Here’s a fun exercise to determine your estimated chess rating taking into account your existing chess skill and knowledge. While this is just for fun, it can prove helpful in determining how you should focus your chess training. If your knowledge rating is much higher than your skills rating, then you you need to focus your training towards skill building where if your skill rating is much higher than your knowledge rating, then you need to focus more on book learning. You should strive to have your knowledge and skill ratings at no more than 100 points apart.
Here’s how this works.
Formula: (Skill + Knowledge) / 2 = ELO
You need to plug in two of the numbers, and the two best to plug in are ELO and Skill. Ideally, you would use your USCF rating, but if you don’t have one, you can use your ICC of FICS rating, just remember to subtract 150 from your ICC or FICS rating so that it approximates an official USCF rating.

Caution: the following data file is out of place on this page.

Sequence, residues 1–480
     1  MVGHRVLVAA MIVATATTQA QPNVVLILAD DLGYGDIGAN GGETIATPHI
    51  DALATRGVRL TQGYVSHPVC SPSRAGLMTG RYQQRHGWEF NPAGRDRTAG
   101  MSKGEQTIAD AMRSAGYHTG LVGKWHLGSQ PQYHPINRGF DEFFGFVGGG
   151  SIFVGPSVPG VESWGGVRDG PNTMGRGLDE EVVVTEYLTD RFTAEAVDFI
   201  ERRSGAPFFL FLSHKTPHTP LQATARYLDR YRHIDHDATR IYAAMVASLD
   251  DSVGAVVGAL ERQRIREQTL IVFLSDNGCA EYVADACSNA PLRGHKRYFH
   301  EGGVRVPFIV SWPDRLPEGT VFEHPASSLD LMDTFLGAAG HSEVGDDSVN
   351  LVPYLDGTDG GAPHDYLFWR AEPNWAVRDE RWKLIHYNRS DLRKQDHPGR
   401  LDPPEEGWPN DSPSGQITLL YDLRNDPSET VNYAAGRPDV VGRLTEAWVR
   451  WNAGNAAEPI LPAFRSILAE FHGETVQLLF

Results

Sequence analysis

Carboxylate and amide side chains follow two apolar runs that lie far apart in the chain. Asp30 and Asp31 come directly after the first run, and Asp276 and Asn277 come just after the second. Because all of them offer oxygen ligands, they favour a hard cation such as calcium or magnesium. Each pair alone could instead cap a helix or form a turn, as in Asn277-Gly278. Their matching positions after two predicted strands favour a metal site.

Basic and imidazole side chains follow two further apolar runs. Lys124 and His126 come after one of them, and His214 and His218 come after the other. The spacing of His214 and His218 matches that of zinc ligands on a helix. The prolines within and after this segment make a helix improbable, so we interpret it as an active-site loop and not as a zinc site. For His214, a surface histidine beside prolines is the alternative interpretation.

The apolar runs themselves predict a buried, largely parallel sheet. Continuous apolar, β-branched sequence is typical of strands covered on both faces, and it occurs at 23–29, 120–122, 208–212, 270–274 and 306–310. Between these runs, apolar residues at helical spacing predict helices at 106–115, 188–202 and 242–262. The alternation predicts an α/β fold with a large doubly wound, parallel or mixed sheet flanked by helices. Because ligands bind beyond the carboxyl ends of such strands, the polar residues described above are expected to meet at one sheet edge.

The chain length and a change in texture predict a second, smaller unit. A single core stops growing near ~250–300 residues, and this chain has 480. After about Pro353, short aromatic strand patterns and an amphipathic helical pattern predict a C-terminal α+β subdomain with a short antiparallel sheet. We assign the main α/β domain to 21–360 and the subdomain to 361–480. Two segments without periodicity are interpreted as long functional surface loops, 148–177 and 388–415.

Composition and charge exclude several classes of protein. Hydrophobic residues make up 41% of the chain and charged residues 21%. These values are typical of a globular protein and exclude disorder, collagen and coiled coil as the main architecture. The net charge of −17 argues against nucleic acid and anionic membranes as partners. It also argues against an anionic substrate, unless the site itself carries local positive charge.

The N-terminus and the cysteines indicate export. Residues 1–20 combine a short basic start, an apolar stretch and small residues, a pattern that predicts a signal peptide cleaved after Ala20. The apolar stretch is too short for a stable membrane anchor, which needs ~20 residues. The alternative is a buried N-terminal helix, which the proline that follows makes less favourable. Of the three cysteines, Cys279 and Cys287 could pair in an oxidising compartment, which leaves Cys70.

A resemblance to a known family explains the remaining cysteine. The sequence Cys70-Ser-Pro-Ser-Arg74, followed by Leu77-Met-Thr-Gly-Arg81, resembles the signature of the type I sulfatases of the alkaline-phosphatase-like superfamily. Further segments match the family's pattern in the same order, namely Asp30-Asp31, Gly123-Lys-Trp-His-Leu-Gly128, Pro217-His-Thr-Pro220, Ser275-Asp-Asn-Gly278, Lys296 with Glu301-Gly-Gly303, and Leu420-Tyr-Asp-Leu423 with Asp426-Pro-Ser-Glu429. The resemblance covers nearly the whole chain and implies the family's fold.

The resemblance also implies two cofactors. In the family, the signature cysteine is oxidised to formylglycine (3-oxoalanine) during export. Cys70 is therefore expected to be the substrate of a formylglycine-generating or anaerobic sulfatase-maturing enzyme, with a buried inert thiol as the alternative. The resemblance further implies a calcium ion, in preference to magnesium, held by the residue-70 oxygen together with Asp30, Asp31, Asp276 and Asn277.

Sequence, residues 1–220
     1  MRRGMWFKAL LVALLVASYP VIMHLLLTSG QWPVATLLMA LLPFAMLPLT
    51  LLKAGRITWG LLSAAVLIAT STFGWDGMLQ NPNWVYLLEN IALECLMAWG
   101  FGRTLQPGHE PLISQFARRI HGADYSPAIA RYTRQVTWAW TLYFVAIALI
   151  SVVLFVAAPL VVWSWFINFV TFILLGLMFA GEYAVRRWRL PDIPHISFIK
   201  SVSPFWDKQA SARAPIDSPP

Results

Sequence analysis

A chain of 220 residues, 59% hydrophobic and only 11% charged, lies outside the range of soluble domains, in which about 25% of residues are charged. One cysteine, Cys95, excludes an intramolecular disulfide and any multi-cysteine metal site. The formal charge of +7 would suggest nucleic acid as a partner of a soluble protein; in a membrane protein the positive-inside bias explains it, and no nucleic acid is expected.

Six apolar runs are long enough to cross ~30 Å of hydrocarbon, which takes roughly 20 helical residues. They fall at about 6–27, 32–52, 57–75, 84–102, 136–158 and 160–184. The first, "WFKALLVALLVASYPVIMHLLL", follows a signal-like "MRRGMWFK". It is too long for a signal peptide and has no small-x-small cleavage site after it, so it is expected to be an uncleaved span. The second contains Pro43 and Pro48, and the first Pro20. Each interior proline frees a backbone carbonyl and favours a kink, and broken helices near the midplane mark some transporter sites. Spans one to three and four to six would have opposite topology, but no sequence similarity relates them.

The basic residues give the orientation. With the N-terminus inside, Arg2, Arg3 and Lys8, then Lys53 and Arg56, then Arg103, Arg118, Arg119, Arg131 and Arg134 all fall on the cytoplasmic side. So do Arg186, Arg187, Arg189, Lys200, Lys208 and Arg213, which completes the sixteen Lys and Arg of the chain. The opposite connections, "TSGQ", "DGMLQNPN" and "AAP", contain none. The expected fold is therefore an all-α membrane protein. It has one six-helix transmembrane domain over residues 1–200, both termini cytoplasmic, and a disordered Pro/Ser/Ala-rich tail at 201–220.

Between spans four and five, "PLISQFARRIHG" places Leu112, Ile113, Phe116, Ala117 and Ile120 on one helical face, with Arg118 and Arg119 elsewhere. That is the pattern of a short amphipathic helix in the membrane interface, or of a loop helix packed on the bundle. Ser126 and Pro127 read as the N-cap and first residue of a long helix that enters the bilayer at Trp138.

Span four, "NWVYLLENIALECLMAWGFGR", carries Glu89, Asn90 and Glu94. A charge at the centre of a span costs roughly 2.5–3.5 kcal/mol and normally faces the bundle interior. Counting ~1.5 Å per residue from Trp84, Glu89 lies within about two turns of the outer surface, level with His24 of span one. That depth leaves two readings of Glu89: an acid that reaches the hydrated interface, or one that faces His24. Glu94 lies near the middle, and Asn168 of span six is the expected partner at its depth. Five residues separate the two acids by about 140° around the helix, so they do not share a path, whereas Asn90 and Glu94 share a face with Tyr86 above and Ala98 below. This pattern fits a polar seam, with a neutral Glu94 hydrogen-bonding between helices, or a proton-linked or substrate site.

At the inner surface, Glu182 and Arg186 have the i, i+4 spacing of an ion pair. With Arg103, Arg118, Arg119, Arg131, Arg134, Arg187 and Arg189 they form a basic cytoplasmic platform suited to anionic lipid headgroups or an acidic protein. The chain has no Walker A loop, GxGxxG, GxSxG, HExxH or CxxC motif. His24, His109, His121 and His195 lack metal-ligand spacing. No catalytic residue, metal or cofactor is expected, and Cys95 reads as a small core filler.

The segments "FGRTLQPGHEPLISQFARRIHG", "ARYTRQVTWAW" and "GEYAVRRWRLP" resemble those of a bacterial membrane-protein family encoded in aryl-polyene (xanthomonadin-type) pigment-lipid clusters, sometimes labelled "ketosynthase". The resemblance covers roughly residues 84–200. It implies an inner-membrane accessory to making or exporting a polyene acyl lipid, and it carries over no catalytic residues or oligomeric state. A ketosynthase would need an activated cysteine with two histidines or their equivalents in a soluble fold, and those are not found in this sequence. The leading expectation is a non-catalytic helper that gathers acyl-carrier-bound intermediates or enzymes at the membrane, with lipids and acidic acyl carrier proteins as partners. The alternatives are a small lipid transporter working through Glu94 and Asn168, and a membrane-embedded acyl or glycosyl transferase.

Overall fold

For your skills rating, I would use Igor Khmelnitsky’s Chess Exam and Training Guide to test your skills and get a rating approximation.
Skill rating: 1138 (based on Khelmenitsky’s book)
USCF ELO: 1340
Knowledge rating = K
(S+K) / 2 = ELO
(1138 + K) / 2 = 1340
1138 / 2 + k/2 – 1340 = 0
569 + K/2 – 1340 = 0
k/2-781 = 0
K=781 * 2
So my chess knowledge rating equals 1562, while my chess skill rating is approximately 1138 giving me an ELO of 1340. This means I have to focus on getting my skill rating to par with my knowledge rating in order to play at an estimated 1562 ELO rating.
The goal should be get my skill rating within the same ballpark as my knowledge rating (+/- 100 elo points) before focusing on adding more chess knowledge.
You should repeat this process every three months, but you will need to take the skill’s test again as well as play in a tournament in order to update your USCF rating and get an accurate reading.
I would love to hear feedback on this, especially if you actually try it out.
Related Chess Skill and Knowledge Articles
- Developing Chess Skill
- Chess Is More a Game of Skill Than of Knowledge
- Why Our Chess Does Not Improve